Keywords

Alien plants Cities Exotic species Invasive species Insect-plant interactions Phytophagous insects 

Notes

Acknowledgements

We are grateful to Rosane Picon, Marina Braun and Ricardo Fabiano for helping us with field work. This study was supported by Fundação de Amparo à Pesquisa do Estado de São Paulo (FAPESP) grants # 04/15482-1 to TML, # 03/02541-0 and # 06/56889-2 to MAN, and Conselho Nacional de Desenvolvimento Científico e Tecnológico (CNPq) grant # 306049/2004 to TML. RDL’s research is supported by CNPq.

References

  1. Almeida AM, Fonseca CR, Prado PI, Almeida-Neto M, Diniz S, Kubota U, Braun MR, Raimundo RLG, Anjos LA, Mendonça TG, Futada SM, Lewinsohn TM (2005) Diversidade e ocorrência de Asteraceae em cerrados de São Paulo. Biota Neotrop 5:27–43. doi: 10.1590/S1676-06032005000300003 CrossRefGoogle Scholar
  2. Almeida AM, Fonseca CR, Prado PI, Almeida-Neto M, Diniz S, Kubota U, Braun MR, Raimundo RLG, Anjos LA, Mendonça TG, Futada SM, Lewinsohn TM (2006) Assemblages of endophagous insects on Asteraceae in São Paulo cerrados. Neotrop Entomol 35:458–468. doi: 10.1590/S1519-566X2006000400006 PubMedCrossRefGoogle Scholar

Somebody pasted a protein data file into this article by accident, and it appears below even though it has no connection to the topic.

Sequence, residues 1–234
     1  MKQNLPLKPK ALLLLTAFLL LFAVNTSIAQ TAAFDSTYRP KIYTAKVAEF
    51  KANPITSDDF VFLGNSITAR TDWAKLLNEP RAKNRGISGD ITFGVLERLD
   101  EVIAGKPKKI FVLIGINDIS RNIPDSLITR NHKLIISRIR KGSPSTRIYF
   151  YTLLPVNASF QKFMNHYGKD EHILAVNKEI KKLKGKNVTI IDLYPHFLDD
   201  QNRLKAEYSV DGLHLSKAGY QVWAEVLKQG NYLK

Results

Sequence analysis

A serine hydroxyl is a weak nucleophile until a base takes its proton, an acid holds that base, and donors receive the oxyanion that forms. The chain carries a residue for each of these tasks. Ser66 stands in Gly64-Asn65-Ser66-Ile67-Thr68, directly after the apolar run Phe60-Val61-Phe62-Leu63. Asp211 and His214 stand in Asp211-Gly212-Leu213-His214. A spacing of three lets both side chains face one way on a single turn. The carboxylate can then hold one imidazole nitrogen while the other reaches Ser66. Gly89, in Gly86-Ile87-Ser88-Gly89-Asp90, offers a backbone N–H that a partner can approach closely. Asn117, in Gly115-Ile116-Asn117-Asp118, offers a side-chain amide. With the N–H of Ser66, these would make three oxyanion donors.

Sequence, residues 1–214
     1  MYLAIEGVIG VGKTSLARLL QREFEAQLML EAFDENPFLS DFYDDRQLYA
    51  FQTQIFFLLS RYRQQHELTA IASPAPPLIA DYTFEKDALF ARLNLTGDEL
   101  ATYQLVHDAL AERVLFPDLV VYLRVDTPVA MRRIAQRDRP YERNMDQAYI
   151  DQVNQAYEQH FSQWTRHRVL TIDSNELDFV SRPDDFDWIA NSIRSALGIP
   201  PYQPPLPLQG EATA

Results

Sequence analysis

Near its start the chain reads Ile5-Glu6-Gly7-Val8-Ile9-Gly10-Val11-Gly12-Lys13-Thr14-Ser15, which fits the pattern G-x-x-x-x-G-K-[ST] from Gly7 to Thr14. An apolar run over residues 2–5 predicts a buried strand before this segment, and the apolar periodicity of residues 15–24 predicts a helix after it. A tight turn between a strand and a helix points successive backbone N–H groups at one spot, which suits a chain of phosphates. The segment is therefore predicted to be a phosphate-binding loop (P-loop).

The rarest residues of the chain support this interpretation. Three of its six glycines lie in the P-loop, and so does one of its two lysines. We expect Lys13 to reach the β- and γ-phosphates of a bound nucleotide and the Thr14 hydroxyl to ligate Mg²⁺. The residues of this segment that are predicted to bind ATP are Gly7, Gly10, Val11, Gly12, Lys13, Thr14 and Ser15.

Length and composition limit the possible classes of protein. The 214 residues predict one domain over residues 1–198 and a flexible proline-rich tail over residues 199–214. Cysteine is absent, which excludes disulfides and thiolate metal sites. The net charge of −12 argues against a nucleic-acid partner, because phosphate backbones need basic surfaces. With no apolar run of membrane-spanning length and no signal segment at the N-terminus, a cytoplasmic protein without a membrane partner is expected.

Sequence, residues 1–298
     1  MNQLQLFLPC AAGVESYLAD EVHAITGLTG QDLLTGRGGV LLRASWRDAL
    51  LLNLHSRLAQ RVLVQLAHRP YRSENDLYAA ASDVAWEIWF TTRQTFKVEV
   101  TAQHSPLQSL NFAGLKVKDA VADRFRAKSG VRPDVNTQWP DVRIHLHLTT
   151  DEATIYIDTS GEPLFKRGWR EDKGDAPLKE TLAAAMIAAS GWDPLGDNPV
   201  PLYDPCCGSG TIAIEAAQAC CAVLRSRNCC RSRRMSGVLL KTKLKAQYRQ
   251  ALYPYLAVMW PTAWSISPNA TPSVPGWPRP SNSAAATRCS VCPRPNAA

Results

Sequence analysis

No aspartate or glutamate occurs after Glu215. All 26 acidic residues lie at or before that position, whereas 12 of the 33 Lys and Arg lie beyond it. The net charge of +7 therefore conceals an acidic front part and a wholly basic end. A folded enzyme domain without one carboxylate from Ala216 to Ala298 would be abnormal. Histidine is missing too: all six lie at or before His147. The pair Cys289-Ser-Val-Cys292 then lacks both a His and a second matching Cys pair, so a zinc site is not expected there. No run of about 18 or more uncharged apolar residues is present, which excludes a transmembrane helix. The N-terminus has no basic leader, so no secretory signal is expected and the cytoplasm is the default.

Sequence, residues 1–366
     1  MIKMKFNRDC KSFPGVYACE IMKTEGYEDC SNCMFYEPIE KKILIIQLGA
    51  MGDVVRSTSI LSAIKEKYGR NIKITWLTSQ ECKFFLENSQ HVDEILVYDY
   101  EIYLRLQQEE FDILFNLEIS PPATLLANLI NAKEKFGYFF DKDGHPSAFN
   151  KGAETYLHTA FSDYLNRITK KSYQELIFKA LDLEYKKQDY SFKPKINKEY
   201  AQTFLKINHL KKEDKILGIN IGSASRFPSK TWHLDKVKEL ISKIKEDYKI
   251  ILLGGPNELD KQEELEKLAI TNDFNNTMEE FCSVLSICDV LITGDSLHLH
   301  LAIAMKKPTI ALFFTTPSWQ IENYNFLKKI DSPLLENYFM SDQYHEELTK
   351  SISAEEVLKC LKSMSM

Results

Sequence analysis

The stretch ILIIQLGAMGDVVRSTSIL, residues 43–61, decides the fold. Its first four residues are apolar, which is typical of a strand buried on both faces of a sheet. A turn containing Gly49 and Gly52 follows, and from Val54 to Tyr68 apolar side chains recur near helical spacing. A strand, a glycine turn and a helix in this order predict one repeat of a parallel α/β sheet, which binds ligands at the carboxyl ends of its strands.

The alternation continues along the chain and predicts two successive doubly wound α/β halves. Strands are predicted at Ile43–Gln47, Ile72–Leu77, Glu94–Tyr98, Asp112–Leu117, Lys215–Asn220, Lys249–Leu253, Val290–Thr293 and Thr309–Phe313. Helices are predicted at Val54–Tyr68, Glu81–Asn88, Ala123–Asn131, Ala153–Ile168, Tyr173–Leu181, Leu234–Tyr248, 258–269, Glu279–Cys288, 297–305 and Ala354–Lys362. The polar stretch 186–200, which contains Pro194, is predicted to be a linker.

3. Almeida-Neto M, Prado PI, Lewinsohn TM (2011) Phytophagous insect fauna tracks host plant responses to exotic grass invasion. Oecologia 165:1051–1062. doi: 10.1007/s00442-010-1783-1 Google Scholar
  4. Andow DA, Imura O (1994) Specialization of phytophagous arthropod communities on introduced plants. Ecology 75:296–300. doi: 10.2307/1939535 CrossRefGoogle Scholar
  5. Batalha MA, Mantovani W (2000) Reproductive phenological patterns of cerrado plant species at the Pé-de-Gigante reserve (Santa Rita do Passa Quatro, SP, Brazil): a comparison between the herbaceous and woody floras. Rev Bras Biol 60:129–145. doi: 10.1590/S0034-71082000000100016 PubMedCrossRefGoogle Scholar